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Former President Trump found guilty on all 34 felony charges in hush money trial

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Today's top stories

Former President Donald Trump sits at the defendant's table Thursday inside the courthouse at Manhattan Criminal Court in New York City.
Justin Lane-Pool / Getty Images
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Pool/Getty Images
Former U.S. President Donald Trump sits at the defendant's table inside the courthouse as the jury is scheduled to continue deliberations for his hush money trial at Manhattan Criminal Court on May 30, 2024 in New York City.

A Manhattan jury found former President Donald Trump guilty of all 34 counts of falsifying business records. The jurors said they unanimously agreed Trump falsified those business records to conceal a hush money payment to adult film star Stormy Daniels in order to influence the outcome of the 2016 election. Here are the details of those felony counts.

  • NPR’s Andrea Bernstein was sitting in the front of the courtroom and told Up First that Trump was “visibly unhappy” with the verdict. Speaking to reporters outside the courtroom, Trump denounced the trial as a “disgrace” and said “the real verdict is going to be Nov. 5 by the people.” Bernstein adds that this time is different: Trump used his money and power to silence people and avoid consequences, a strategy that always worked for him—until yesterday.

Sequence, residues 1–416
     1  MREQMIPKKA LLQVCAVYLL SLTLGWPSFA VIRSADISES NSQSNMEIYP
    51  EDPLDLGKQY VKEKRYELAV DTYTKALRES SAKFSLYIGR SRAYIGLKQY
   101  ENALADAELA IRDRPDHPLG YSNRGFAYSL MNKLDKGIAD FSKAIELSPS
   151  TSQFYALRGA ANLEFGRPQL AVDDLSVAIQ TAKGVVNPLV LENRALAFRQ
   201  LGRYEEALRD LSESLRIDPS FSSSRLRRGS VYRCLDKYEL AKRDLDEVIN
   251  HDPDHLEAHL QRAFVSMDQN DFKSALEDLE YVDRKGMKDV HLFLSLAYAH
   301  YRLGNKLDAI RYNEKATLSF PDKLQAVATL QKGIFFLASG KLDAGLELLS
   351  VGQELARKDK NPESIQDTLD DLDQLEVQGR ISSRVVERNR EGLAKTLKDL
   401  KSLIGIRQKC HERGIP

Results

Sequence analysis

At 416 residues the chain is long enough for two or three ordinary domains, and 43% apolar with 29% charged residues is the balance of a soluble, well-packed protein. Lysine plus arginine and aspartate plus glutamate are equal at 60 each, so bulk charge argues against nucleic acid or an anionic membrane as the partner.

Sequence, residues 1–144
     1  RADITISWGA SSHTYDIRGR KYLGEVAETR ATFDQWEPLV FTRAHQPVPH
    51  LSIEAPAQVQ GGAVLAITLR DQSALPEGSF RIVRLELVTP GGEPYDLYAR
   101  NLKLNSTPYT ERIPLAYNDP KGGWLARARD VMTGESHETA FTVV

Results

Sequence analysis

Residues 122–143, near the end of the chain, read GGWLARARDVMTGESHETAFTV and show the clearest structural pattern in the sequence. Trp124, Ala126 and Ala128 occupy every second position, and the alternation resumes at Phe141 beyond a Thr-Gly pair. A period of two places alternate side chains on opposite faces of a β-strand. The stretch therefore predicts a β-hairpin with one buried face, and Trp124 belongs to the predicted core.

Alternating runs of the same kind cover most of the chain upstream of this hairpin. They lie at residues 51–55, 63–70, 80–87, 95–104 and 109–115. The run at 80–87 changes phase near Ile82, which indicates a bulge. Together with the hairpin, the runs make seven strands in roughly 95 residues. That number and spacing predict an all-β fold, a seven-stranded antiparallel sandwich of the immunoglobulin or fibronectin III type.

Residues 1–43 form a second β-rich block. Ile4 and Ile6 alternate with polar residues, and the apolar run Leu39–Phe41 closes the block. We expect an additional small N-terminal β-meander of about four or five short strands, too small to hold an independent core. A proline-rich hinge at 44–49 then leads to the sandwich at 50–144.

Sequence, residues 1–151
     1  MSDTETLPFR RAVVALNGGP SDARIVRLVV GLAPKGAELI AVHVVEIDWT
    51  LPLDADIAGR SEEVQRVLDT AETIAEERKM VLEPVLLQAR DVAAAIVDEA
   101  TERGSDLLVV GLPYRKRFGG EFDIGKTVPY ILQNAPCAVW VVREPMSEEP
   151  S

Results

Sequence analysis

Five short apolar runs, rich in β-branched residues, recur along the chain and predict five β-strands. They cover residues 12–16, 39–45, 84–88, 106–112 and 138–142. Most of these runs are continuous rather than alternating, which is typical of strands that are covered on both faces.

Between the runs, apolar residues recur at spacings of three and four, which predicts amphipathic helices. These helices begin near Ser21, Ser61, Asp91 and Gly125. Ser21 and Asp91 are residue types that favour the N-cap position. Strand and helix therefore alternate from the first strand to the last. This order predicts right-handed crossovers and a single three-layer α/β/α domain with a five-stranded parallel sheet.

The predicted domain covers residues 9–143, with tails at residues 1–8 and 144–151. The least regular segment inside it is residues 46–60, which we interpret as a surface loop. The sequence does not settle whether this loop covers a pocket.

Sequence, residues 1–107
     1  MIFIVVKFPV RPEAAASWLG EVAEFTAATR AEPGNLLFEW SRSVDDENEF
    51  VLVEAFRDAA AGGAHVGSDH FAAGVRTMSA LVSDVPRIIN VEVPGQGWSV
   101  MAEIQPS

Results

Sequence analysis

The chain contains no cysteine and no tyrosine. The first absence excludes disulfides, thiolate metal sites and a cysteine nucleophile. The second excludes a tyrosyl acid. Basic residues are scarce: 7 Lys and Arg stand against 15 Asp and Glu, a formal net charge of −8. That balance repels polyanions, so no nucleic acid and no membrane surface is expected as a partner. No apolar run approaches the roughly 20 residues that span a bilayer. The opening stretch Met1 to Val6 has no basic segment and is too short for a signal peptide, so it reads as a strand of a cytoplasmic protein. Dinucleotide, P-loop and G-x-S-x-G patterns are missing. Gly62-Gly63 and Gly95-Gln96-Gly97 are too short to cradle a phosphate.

• The jury heard from 22 witnesses over the course of four weeks, and examined evidence including phone records, invoices and checks to Michael Cohen, Trump’s former “fixer” who paid Daniels to bury the news of her sexual encounter with Trump.
  • Kim Wehle, a law professor at the University of Baltimore, says this evidence, along with the fact that “the defense didn’t give an alternative narrative” is ultimately what convicted Trump.


The charges carry a sentence of anywhere from probation to up to four years in prison, but legal experts told NPR that it's unlikely Trump will face incarceration.

  • Lauren-Brooke Eisen, a senior director at the nonprofit Brennan Center for Justice, told NPR's Ximena Bustillo before the trial's conclusion that it's "very unlikely for someone who has never been convicted of a crime to go to prison... for their first offense, which is nonviolent."
  • Trump’s legal team is also likely to appeal the verdict, which would further delay any potential consequences.


Trump’s sentencing is scheduled for July 11, just four days before the start of the Republican National Convention, where he is set to become the official presidential nominee for the Republican Party.

  • 17% of voters said the verdict would impact whether they vote for Trump, according to the latest NPR poll. NPR’s Scott Detrow points out on Up First that could be “a lot, considering how close the last few elections have been.”
  • How Americans vote will also affect the two federal criminal cases Trump is facing. “If Trump becomes president, he can pardon himself of the charges or derail the investigation,” Detrow said.
  • Trump himself will still be able to vote in the election, despite being a convicted felon. This is because he’s registered to vote in Florida, which defers to voting laws for felons in the state in which they were convicted.
  • The Biden campaign emphasized the need for people to vote to keep Trump out of office.


Follow Detrow’s coverage of Trump’s other cases on the Trump’s Trials podcast.

Today's listen